Google has begun warning some users of its Gmail service that their accounts may have been targets of “state-sponsored attacks.” An announcement on Google’s Online Security blog doesn’t detail who the Internet giant suspects of ordering the attacks on the popular email service, but several Gmail users in China reported receiving warning messages, including employees at dissident artist Ai Weiwei’s studio, McClatchy Newspapers’ Beijing bureau chief Tom Lasseter and TIME Beijing reporter Chengcheng Jiang. Eric Grosse, a Google vice president of security engineering, wrote that the company “can’t go into the details without giving away information that would be helpful to these bad actors, but our detailed analysis — as well as victim reports — strongly suggest the involvement of states or groups that are state-sponsored.”
The announcement comes just days after Google announced a new feature for users in China that highlights sensitive search terms that could cause their connection to be disrupted. While the tool doesn’t explicitly spell out that the disruptions are due to China’s system of online censorship, the implications weren’t lost on Chinese Internet users.
Google’s new warning of “state-sponsored attacks” echoes claims it made in 2010, when it cited attacks on the email accounts of human rights activists in China as one of the reasons it was dropping its policy of complying with Chinese censorship demands. Those attacks, however, were aimed at Google’s infrastructure, while the latest effort appears to be phishing or malware schemes designed to steal users’ passwords. “These warnings are not being shown because Google’s internal systems have been compromised or because of a particular attack,” Grosse wrote.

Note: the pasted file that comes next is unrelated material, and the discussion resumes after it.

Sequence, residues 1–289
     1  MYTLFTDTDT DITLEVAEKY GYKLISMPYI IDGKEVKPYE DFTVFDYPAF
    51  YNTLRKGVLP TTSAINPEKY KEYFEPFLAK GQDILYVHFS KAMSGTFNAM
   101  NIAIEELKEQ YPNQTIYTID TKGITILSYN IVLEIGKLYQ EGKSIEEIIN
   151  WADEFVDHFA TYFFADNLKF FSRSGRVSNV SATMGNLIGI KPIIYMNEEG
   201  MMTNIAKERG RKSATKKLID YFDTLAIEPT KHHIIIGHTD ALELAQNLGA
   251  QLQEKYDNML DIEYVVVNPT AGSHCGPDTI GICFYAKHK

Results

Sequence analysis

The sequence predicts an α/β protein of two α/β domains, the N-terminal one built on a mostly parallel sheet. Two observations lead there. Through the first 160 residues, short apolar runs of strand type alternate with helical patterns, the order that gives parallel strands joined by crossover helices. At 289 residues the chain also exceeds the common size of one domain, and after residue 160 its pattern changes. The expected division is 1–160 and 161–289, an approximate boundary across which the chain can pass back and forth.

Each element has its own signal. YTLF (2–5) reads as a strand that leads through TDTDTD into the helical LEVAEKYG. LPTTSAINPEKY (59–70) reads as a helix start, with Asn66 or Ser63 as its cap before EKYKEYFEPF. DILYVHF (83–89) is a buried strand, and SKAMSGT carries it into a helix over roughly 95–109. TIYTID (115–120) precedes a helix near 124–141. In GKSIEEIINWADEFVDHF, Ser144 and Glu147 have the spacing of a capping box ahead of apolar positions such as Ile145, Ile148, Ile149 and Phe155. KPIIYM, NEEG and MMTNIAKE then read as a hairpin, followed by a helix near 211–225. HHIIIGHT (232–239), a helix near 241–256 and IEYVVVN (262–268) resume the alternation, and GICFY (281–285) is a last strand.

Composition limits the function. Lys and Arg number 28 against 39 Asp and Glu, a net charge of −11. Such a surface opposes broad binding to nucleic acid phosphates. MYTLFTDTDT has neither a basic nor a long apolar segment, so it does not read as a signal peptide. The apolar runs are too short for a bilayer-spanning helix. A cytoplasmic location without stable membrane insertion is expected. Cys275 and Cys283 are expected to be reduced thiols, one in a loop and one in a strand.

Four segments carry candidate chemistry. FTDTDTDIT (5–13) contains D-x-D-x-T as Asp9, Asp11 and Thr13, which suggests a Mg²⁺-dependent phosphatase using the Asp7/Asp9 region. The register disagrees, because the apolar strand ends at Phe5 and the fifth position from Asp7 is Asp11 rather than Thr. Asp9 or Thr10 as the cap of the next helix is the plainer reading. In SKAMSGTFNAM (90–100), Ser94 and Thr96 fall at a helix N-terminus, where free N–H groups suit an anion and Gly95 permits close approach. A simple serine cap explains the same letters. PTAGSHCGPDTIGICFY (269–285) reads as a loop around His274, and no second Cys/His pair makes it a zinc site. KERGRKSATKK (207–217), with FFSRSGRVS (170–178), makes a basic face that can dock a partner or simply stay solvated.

While Google did not single out China in the warnings, the company’s latest move will likely further undermine its relations with the Chinese government. Following its 2010 decision to stop censoring results according to Chinese demands, Google has seen its share of the Chinese Internet search market decline significantly. Searches through Google.cn are now difficult because a huge list of sensitive words can trigger disrupted connections. Baidu, a domestic Chinese Internet giant, censors its own search engine, so while users may not see some results, their connection is far less likely to be interrupted by the Great Firewall. It now holds a dominant share of the Chinese search market, earning revenues last year of $2.3 billion, an increase of 83.2% from the previous year.